Anne Bancroft (The Graduate) plays teacher Anne Sullivan, who is hired by a wealthy Southern family to teach their deaf, blind, and mute daughter, Helen Keller (Patty Duke, Valley of Dolls), how to communicate with the outside world.
Reaction & Thoughts:
“Obedience without understanding is a blindness too.”
I believe true greatness can’t be quantified in an ordinary manner, nor can it be attributed lightly. Let’s face it, some people are so great that no book, movie, or play could fail in capturing a bit of their magic. Such a person is Helen Keller, the remarkable woman who, regardless of never gaining her sight and hearing, eventually graduated from college and dedicated her entire life to support the handicapped community.
Based upon William Gibson’s play of the same name, The Miracle Worker is a dramatization of Keller’s first encounter with the woman who changed her life. In choosing to concentrate on this particular moment, the film also showcases the pillar in which the greatest accomplishments stand on: perseverance.
Anne Sullivan, lifelong teacher and companion to Keller, represents exactly that. Sullivan’s determination is the driving force of the story. In attempting to remove Keller from the world of darkness and teach her to be self-sufficient, Sullivan managed to achieve the impossible — she was indeed a miracle worker.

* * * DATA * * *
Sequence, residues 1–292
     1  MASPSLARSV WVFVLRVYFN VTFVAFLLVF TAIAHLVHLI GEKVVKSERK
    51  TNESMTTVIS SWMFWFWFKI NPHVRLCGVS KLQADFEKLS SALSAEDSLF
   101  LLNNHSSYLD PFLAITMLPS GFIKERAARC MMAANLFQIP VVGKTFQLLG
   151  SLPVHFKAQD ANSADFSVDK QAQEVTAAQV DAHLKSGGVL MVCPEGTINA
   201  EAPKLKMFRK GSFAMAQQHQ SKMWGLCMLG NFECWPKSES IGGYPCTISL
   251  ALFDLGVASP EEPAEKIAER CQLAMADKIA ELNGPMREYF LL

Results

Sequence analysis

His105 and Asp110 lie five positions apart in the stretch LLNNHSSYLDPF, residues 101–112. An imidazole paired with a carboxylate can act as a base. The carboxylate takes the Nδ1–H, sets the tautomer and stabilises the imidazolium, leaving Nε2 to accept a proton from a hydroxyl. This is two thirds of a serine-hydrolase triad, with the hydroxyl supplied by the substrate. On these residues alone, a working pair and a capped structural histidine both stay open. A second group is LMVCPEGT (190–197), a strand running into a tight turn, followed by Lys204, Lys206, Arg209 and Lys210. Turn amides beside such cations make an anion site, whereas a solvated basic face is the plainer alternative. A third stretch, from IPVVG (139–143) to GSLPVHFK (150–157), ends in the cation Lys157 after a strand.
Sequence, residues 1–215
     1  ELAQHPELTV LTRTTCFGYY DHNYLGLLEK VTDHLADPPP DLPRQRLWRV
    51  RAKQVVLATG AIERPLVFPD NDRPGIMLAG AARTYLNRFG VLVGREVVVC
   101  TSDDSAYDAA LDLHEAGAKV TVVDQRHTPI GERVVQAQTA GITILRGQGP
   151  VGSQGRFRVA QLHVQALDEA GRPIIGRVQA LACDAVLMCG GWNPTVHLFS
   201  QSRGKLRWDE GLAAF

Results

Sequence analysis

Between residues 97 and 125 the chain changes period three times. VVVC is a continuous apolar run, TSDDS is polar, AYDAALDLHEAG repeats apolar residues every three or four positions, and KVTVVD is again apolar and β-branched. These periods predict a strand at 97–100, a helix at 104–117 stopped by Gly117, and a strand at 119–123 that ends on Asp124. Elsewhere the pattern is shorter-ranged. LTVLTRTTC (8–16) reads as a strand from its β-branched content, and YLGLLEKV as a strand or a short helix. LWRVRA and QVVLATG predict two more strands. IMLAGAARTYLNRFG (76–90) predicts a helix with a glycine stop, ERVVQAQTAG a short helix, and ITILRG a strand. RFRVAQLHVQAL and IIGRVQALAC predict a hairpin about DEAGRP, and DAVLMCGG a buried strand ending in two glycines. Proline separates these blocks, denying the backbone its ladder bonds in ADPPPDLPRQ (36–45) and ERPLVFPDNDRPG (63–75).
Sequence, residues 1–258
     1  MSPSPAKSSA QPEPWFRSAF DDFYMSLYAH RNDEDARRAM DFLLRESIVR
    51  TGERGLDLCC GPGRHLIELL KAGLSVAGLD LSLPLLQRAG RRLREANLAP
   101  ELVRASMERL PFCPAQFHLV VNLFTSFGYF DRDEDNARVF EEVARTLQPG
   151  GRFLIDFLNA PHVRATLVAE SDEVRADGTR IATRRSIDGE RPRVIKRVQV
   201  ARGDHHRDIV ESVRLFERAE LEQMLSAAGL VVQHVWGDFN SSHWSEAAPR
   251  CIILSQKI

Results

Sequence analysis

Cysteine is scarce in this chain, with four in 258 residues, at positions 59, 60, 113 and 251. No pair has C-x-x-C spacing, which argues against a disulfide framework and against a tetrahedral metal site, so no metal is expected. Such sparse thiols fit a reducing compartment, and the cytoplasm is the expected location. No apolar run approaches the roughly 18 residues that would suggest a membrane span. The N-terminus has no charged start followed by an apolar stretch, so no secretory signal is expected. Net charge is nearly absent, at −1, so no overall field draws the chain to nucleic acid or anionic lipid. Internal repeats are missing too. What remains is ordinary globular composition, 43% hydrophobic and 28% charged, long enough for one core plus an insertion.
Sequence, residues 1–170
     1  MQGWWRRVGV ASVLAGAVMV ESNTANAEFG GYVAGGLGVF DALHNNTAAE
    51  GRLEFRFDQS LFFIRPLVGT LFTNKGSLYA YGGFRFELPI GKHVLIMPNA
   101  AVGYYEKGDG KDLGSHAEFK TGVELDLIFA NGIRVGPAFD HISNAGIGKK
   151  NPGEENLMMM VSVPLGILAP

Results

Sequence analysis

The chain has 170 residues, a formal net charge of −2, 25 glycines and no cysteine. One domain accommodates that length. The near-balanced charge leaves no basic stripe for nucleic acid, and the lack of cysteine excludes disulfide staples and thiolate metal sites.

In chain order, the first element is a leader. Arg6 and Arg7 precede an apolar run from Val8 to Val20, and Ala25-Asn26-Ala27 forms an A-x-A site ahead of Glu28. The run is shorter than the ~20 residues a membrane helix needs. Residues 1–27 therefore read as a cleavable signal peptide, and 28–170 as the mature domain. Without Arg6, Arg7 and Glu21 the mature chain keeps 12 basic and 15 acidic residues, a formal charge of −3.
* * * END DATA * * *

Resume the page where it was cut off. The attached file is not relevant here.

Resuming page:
Written by Gibson and directed by Arthur Penn (Bonnie and Clyde), The Miracle Worker somehow betrays its stage origins. Penn succeeds in creating a movie rather than just filming a play. The director plays a game of shadows and lights to illustrate, literally and figuratively, the world of darkness in which Keller lives.
There is also an interesting feminist subtext here. It’s subtle and so cleverly integrated into the narrative that it feels totally organic. Sullivan realizes that she can’t fight for her pupil’s wellbeing unless she’s willing to stand up for her own rights. In other words, the teacher demonstrates that power is irrevocably linked to freedom.
This is a great movie enhanced by superb acting. The freshness displayed on many emotionally charged scenes conceals the fact that Anne Bancroft and Patty Duke had been playing their roles for almost two years on Broadway. Bancroft and Duke deservedly won Oscars for their superb performances.
The Miracle Worker established Bancroft as a bona fide star and made Duke, at 16, the youngest person (up to that point) to have ever won the award. Also starring Inga Swenson (Miss Gretchen, TV’s Benson) as Helen’s mother, Victor Jory (The Fugitive Kind) as Helen’s father and Andrew Prine (The Devil’s Brigade) as Helen’s half-brother. Beah Richards (In the Heat of the Night) plays the Kellers’ maid.
Conclusions & Final Thoughts:
The Miracle Worker is a powerful story about patience and endurance. I’ve seen the play on stage, but this movie version of the play remains unbeatable; it has two amazing performances, and Arthur Penn’s imaginative direction. Remade in 1979, with Patty Duke as Sullivan, and Melissa Gilbert as Helen, and yet again, in 2000. There is also a sequel of sorts titled The Miracle Continues (1984), with Blythe Danner as Sullivan, and Mare Winningham as Helen. B&W, 106 minutes, Not Rated.